Keen observations Mr J/O. Obama ought to regard the GREENS as “in the bag.” They have no where to go but to the Dems. I can’t see Ralph Nader breaking the 7 figure barrier this year. In 2004 Bush43 polled 62 million votes, Kerry received 59 million and Ralph Nader 465,650 votes, 0.38% of the total votes cast. Nader barely beat out Michael Badnarik of TX on the Libertarian ticket who managed to get 397,265 votes.

After Green leaning Dems realized they gave the 2000 election to Bush43, they have been staying “home.” This problem is akin to my earlier assertion that NO politician can tell the truth and be elected. Obama must get over his natural tendency to face up to reality.

So far McCain is looking very bad to me when he speaks “off script” or outside his planned message. He fumbles, he mumbles and his syntax is no better than Bush43's which makes me say again, “As you think, so you speak, as you speak, so you think!”

But being SMART does not necessarily win elections as Bush43 can vouch. And you don’t tell the guy who is hurting - as Huckabee did in Michigan - that your jobs are NOT coming back! You’ve got to play a game, hold out enough hope to get the slob to vote for you, then throw a few earmarks his way. That’s politics in the FAST lane. And the voters will not let it be any other way.

[edit on 6/24/2008 by donwhite]



posted on Jun, 24 2008 @ 04:14 PM
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Speaking of Libertarians, I think it might be THEM who gets to play 'spoiler' in this election cycle. Nader is not going to be a factor. Becasue Libertarians run candidates at all levels, it could be that they MIGHT take just enough from the Republicans or the Democrats to change the out come of the Presidential contest. That would be ahistoriacal first for them. It would also back up my thesis that third parties are starting to matter.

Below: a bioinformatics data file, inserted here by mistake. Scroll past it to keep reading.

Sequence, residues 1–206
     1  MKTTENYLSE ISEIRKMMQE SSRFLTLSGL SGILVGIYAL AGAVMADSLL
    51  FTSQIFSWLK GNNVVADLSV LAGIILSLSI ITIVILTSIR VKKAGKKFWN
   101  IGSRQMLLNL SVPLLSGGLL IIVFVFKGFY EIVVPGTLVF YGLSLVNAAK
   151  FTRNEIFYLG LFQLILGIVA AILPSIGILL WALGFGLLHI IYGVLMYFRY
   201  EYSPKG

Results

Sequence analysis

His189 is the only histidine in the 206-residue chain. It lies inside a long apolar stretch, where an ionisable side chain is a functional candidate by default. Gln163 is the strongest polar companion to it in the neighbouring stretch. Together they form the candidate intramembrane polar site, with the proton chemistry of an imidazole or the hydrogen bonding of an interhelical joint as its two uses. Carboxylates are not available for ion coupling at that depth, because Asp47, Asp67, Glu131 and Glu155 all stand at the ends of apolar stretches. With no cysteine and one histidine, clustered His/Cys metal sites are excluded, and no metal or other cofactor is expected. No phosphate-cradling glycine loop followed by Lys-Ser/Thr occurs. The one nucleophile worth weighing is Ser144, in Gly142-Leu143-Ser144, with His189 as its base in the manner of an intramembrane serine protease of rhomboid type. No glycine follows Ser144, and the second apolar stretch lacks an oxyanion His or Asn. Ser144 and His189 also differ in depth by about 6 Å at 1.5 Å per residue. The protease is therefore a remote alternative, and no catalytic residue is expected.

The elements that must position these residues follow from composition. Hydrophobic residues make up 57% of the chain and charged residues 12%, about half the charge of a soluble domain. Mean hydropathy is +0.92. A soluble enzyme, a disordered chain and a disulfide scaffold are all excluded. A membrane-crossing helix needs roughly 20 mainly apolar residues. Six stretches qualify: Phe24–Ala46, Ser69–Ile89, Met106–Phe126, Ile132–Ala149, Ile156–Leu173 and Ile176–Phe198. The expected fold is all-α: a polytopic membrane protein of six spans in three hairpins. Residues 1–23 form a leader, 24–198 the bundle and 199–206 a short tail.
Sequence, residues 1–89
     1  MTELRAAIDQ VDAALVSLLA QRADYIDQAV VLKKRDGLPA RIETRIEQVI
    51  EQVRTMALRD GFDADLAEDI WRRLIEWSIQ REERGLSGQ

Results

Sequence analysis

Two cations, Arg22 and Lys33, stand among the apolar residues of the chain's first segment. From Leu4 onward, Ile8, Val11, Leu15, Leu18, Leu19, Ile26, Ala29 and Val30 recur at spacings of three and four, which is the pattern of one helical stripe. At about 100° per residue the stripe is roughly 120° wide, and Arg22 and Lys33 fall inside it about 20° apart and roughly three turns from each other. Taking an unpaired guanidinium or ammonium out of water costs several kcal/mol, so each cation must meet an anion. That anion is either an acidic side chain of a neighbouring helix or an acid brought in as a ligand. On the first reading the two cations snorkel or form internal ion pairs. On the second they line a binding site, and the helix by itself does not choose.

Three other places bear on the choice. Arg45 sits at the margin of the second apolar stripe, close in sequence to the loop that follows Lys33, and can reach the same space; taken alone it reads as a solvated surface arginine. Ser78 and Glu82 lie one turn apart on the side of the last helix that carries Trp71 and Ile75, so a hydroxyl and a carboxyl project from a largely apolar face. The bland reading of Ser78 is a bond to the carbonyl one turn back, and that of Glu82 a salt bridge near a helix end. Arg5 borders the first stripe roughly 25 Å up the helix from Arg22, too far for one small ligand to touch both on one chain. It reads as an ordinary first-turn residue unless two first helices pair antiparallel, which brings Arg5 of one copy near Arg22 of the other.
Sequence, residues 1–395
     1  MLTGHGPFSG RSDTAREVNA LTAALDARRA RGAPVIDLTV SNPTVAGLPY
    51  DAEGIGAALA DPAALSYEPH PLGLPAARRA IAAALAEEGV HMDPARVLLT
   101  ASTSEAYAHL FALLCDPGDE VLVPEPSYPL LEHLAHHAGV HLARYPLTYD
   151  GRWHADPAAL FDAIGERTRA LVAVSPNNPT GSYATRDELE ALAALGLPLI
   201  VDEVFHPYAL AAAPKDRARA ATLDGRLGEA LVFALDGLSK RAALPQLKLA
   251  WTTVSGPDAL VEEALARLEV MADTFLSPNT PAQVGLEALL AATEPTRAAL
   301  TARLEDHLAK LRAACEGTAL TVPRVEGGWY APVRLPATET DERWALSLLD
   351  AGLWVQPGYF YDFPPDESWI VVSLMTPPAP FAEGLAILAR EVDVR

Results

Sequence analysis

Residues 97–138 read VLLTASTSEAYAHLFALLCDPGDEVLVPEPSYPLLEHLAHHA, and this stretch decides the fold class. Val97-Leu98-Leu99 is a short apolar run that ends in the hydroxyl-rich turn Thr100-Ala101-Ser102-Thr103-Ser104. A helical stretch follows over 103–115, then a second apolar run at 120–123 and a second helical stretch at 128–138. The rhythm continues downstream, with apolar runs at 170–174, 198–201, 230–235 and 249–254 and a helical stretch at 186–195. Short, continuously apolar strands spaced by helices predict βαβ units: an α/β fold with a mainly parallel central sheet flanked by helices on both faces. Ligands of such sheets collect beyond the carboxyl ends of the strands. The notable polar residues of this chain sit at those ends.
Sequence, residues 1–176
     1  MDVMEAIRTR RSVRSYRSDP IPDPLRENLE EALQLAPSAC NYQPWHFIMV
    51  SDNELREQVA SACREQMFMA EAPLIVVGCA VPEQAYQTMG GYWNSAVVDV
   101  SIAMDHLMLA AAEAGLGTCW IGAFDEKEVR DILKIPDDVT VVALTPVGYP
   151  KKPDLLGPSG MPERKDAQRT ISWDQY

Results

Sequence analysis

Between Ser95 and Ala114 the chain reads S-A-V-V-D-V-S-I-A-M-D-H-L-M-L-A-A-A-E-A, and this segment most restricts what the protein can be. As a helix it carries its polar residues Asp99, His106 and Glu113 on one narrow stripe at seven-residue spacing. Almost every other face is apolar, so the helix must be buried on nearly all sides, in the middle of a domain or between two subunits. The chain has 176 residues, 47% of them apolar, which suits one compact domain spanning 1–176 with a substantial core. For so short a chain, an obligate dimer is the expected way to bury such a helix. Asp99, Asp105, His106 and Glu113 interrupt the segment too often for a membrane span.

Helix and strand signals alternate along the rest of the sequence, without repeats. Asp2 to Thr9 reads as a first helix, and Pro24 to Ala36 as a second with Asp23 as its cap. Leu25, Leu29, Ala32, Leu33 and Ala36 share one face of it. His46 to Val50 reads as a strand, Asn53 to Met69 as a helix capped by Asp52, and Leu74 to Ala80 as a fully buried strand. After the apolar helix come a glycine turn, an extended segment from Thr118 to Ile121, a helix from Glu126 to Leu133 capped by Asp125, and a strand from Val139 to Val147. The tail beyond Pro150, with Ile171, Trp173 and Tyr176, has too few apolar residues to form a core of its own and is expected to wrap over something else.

posted on Jun, 24 2008 @ 04:45 PM
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reply to post by Justin Oldham
 



Speaking of Libertarians, I think it might be THEM who gets to play 'spoiler' in this election cycle. Nader is not going to be a factor. Because Libertarians run candidates at all levels, it could be that they MIGHT take just enough from the Republicans or the Democrats to change the out come of the Presidential contest. That would be an historical first for them. It would also back up my thesis that third parties are starting to matter.


Well, if this board is any indicator, there are a lot of “out of the closet” libertarians and a lot more who share their POV on politics and government. If I was advising Obama, I’d try to find some way to appeal to them. I suspect if they cannot see a reduced size of government, they would still like to see more fiscal transparency and more people held responsible in a meaningful way - like getting fired! Libertarians are like 100% of American voters, they want at least an HONEST government.

As for the time for 3rd parties, I don’t see that this year. The only 3rd party in the 20th century that had a memorable effect was Teddy Roosevelt’s 1912 Progressive “Bull Moose” Party which caused William Howard Taft, Teddy’s hand picked successor, to lose to Woodrow Wilson. Roosevelt got 88 electoral votes to Taft’s 8. The unintended consequences of that proved to be a very BAD day for America’s blacks.

Ross Perot’s run in 1992 gained nearly 20% of the total vote but he failed to carry a single state. In 1996 Perot polled 8% of the total vote and again, no electoral votes. The constitutional convention I’m calling for must address that defunct system. The least action to take is to abolish the electoral college. It's no more useful than the teats on a boar hog!

On House districts, I have heard not more than 20-30 are really competitive. The Dems must get 55% of the popular vote to get a 1 seat majority in the House. The House is currently 236 to 199 in favor of the Dems.